The French resistance movement, which had grown up from isolated beginnings in the darkest days of the war, was bound to prove fragmented and unregimented. Bringing so many groups of widely differing political views together had proved a difficult and dangerous task. Many brave men, of whom the most famous was Jean Moulin, had died or risked death in their attempts to coordinate the Resistance. In February 1944, some form of unity was achieved under the Conseil National de la Résistance, and Georges Bidault was elected its leader. Bidault, who later became de Gaulle’s minister of foreign affairs, proved acceptable to both Communists and non-Communists.
In the most general terms, French politics in 1944 split three ways, with people identified by their opponents as Pétainist, Communist or Gaullist. This is not, of course, how they would necessarily have seen themselves. Large parts of the Resistance worked with de Gaulle, without necessarily being Gaullist. The ORA, the Organisation de Résistance de l’Armée, took de Gaulle’s orders, but its leaders never quite shed their suspicions of him. Led by General Revers and other officers, the ORA emerged from the ruins of Vichy’s Armistice army, which had been disbanded by the Germans after they marched into the unoccupied zone in November 1942. The Communists regarded them as no better than turncoat Pétainists infiltrating the Resistance. Yet the Communists, working behind the scenes, were the most proficient infiltrators of all, using their classic tactics of ‘entryism’. Many tricks were used to get their representatives, often in a disguised role, on to the key Resistance committees. They would then take them over from the inside, while leaving an appearance of political unity on the surface.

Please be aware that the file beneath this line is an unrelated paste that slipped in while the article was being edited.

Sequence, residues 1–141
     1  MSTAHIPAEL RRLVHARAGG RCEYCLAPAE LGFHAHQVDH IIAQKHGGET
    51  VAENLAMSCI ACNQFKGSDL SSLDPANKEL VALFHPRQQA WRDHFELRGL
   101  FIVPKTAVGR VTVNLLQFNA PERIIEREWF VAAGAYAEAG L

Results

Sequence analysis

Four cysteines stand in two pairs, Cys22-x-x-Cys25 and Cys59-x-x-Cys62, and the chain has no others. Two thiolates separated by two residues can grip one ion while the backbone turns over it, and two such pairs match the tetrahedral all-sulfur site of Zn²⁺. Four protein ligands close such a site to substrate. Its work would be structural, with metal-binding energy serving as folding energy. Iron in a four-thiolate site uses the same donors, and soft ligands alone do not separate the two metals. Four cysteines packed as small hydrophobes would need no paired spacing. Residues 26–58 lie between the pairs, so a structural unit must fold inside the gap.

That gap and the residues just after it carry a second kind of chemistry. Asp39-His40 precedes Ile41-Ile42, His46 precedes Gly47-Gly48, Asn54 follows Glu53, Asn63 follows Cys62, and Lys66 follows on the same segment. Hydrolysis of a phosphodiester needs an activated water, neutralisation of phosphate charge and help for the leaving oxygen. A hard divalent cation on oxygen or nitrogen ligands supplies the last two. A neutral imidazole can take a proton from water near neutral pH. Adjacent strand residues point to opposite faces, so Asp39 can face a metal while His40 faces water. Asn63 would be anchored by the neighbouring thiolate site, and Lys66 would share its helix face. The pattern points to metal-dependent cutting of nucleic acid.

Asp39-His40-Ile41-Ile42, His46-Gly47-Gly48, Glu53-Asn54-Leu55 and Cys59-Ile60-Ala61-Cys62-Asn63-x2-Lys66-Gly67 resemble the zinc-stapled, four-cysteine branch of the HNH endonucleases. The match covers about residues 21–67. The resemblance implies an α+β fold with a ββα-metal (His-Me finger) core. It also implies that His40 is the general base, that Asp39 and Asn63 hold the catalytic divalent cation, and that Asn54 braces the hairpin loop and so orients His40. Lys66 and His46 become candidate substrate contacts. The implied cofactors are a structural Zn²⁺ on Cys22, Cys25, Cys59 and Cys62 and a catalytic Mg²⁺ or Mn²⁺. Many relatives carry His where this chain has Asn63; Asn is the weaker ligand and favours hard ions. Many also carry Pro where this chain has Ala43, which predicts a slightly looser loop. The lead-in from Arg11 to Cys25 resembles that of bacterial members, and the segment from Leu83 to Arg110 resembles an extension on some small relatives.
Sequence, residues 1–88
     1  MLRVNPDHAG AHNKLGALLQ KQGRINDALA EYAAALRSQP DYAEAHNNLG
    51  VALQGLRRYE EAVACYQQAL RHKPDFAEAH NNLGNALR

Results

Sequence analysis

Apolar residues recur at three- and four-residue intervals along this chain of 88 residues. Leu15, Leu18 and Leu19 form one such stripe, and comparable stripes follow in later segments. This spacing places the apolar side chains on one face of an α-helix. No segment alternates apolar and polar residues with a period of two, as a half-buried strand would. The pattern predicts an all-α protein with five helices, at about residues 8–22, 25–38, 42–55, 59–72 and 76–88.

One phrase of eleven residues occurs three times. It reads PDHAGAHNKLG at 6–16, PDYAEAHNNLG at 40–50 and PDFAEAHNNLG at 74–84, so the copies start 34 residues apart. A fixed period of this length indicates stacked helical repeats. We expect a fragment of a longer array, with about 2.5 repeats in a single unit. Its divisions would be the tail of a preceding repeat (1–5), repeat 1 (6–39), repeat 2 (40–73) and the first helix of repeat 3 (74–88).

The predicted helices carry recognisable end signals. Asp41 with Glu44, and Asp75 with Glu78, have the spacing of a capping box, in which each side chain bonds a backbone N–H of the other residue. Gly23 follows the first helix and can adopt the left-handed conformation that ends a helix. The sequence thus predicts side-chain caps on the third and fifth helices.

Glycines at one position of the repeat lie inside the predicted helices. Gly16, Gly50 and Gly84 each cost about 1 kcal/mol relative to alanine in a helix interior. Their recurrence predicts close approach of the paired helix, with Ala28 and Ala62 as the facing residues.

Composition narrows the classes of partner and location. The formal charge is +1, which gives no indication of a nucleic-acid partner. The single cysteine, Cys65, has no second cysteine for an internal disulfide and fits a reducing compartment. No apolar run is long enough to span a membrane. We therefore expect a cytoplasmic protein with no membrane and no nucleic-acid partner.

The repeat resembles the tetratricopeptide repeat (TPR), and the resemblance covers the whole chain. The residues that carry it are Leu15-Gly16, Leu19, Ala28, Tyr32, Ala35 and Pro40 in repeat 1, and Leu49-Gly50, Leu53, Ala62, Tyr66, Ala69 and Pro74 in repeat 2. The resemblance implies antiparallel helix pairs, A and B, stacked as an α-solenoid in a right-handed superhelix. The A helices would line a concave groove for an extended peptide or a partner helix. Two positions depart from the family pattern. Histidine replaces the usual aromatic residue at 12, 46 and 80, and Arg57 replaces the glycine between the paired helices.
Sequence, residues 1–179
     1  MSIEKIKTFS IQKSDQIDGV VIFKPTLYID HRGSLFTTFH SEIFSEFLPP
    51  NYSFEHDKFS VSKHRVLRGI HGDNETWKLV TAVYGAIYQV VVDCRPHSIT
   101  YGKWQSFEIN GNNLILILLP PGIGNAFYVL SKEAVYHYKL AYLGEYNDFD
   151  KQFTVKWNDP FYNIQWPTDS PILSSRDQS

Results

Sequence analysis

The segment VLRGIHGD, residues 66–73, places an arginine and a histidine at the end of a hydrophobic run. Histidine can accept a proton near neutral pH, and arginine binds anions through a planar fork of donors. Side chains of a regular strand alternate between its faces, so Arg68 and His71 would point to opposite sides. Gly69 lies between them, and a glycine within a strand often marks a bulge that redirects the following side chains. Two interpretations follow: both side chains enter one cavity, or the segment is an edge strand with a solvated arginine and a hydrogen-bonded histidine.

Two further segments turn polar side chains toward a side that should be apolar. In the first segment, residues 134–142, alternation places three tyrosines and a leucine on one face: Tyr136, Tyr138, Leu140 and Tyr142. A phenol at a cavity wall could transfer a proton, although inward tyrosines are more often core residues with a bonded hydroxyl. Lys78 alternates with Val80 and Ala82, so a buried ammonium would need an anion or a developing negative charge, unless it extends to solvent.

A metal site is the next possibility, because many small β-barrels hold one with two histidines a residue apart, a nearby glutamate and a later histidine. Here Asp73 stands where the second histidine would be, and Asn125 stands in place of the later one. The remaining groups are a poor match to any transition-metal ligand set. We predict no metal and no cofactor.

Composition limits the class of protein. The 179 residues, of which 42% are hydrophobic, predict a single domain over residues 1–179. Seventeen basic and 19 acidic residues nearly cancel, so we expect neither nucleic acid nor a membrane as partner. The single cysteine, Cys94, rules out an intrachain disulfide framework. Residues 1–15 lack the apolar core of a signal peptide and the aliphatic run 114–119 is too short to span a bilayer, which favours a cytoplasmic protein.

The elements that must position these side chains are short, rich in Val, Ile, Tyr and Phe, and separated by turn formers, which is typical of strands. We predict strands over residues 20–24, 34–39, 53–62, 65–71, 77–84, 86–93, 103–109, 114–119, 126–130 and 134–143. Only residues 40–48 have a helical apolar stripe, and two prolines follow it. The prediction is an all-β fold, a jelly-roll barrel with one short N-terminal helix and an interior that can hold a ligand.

The French Communist Party had found itself in an indefensible position during the Nazi-Soviet pact. But since Germany’s invasion of the Soviet Union, radical and determined young Frenchmen and women became enthusiastic recruits. The immense sacrifices of the Red Army and partisans had proved a powerful inspiration which owed little to the Stalinism of the pre-war period. Some in the armed wing of the French Communist Party, the FTP (Francs-tireurs et Partisans), believed that the fight against Vichy and the German occupation should become a political insurrection as well as a battle of national liberation. Untrained in Stalinist discipline and lacking instruction from Moscow, they had no idea that the last thing the Kremlin wanted was a revolution in France breaking out behind the Allied front lines. Until Germany was finally defeated, Stalin needed all the American assistance he could get in the form of Lend-Lease trucks, food and steel. In addition, his worst fear was that the western Allies might be tempted to make a separate peace with Germany. He certainly did not want any trouble from local Communists which might give them an excuse.